Ashoka Subedar DMD is a Board Certified Oral and Maxillofacial Surgeon. He was trained at the University of Miami, a major trauma center, allowing him extensive experience in trauma and reconstructive surgery. This program also emphasized maxillofacial pathology. Dr. Subedar performs wisdom tooth removal, dental implants, orthognathic and TMJ surgery. He has a special interest in facial rehabilitation using major bone grafts. Originally from northern Manitoba (Canada), he grew up with an appreciation for the outdoors and a love for hunting and fishing. A veteran of the Manitoba Major Junior Hockey League, he was drafted by the Flin Flon Bombers. Today, he remains an avid hockey fan.
Northwest Oral and Maxillofacial Surgery Hours (both locations): Mondays: 9am–4pm, Tues–Fri: 8am–4:30pm Bellingham Location 200 Westerly Rd. Suite 102 Bellingham, WA 98226 P: 360-647-4262 | F: 360-527-0110 firstname.lastname@example.org | nwoms.org
“Dr. Subedar and his team are both professional and personable, a rare combination. In as much as a person can enjoy a procedure like those which his office addresses, I think I had an enjoyable experience. I would recommend him for skill level alone, but the fact that he has a wonderful personality makes him all the better. Like most medical offices, staff tend to be a reflection of those they work for, it is clear Dr. Subedar's staff are a reflection of his kindness and professionalism.”
Mount Vernon Location 230 South 15th Street, Suite A Mount Vernon, WA 98273 P: 360-424-9860 F: 360-424-9861
the Health & Medical Profiles Cascadia Eye Primary Eye Care? Yes, but so much more. The doctors and staff at Cascadia Eye know the importance of primary eye care — from preparing your child for their first day of school to dealing with the effects of aging on your vision. Even more, we know the value of establishing a relationship with your eye doctor to serve you for years to come, no matter the need — we take great pleasure in providing long-term family care for over thirty years. But we also bring more than regular vision care! Since its foundation in 1985, Cascadia Eye's team has focused on bringing in experts and specialists to cover every vision need they possibly can — and as a result, now proudly offer specialization in cornea, glaucoma, and even contact lens custom fittings (for medical purposes and more). We are also the exclusive provider of Cascadia Eyewear, locally designed and sourced by us for you, to meet a real need for independent eyewear with top-quality, eye-catching designs at non-inflated prices.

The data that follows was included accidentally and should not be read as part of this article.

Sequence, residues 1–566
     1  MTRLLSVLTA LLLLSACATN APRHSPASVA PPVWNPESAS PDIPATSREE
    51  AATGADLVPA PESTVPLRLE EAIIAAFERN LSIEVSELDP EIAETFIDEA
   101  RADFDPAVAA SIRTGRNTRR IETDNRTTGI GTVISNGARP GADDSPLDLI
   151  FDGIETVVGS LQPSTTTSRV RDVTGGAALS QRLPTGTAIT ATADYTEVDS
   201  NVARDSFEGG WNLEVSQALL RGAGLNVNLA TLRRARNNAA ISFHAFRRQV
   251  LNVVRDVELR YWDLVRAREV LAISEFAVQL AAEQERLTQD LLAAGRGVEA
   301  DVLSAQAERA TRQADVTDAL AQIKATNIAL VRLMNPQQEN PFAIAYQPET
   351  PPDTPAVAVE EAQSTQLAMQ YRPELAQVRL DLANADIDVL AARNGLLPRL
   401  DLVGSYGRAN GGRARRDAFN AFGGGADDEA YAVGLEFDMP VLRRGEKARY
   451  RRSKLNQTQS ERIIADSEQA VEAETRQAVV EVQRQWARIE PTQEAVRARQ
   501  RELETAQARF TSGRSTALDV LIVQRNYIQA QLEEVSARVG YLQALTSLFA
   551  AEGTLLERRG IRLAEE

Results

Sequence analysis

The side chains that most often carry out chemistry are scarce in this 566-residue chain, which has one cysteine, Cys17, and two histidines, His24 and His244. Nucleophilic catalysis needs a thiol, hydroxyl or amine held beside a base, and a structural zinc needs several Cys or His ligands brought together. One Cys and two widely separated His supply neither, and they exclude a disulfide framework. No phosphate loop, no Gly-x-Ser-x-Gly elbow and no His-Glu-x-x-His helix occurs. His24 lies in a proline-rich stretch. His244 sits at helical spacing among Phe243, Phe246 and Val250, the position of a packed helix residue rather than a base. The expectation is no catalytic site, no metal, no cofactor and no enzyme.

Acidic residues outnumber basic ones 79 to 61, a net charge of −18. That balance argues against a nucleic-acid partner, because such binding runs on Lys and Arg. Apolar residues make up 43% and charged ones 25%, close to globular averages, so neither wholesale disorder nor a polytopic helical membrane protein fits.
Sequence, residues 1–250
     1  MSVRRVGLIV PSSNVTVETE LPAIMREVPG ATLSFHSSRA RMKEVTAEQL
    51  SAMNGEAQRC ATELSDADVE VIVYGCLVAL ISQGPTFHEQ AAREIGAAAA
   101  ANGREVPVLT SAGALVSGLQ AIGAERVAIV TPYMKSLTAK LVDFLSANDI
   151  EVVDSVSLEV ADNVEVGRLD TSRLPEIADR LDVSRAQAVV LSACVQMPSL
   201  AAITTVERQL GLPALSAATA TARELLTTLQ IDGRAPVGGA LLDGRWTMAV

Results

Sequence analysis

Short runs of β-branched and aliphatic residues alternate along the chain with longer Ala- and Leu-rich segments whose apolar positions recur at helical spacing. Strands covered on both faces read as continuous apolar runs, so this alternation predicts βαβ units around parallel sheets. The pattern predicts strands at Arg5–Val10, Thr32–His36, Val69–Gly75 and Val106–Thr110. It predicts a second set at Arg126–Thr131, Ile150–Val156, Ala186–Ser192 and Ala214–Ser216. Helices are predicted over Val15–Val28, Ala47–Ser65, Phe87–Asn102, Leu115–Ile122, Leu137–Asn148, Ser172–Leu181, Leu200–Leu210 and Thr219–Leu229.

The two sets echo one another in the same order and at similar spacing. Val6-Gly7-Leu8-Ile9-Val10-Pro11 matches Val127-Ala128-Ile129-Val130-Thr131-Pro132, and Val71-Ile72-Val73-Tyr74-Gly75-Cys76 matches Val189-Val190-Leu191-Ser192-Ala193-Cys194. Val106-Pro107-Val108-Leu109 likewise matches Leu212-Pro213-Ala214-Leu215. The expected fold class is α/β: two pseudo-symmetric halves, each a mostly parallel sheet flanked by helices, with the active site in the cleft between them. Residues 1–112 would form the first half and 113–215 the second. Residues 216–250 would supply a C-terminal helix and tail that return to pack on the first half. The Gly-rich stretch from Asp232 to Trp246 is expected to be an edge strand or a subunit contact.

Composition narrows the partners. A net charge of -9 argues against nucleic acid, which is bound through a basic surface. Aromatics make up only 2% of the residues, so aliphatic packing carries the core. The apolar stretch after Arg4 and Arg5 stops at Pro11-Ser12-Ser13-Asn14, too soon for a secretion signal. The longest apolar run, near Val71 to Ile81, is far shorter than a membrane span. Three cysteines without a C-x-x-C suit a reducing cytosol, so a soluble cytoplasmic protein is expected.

Meet the experts: Nannette Crowell, MD
Carlindo Pereira, MD
Dr. Crowell, founding doctor and Board Certified Ophthalmologist, received her degree from Loma Linda School of Medicine. She specializes in clinical work to include diabetic, glaucoma, dry eye, and highrisk medication exams. And, as one of the few ophthalmologists who contracts with local vision plans such as VSP and NBN, she provides special expertise to wellness exams for teachers, UPS drivers, and many other employee groups.
Dr. Pereira, Board Certified Ophthalmologist and Cornea Specialist, first graduated from medical school in South Africa, coming later to the US for ophthalmology residency at Loma Linda University. He then received subspecialty training in refractive and cornea surgery with Dr. Francis Price. Dr. Pereira performs state-of-the-art cataract surgery and cornea surgery, but he also enjoys seeing patients for all aspects of eye care.
Steven Turpin, OD, MS Dr. Turpin received his degree from Pacific University College of Optometry, and completed an additional residency at Pacific University, specializing in Cornea and Contact Lenses. He also earned a Master’s Degree in Vision Science. His areas of interest include specialty contact lens design and medical applications for scarring, irregular corneas, and more. He also sees patients for primary and medical eye care.
Wellness Vision Exams to include glasses and contact lens prescriptions ■■
Medical visits for diabetes, glaucoma management, dry eye treatment & more ■■
Cataract consultation & dropless surgery ■■
Corneal specialty consultations & surgery ■■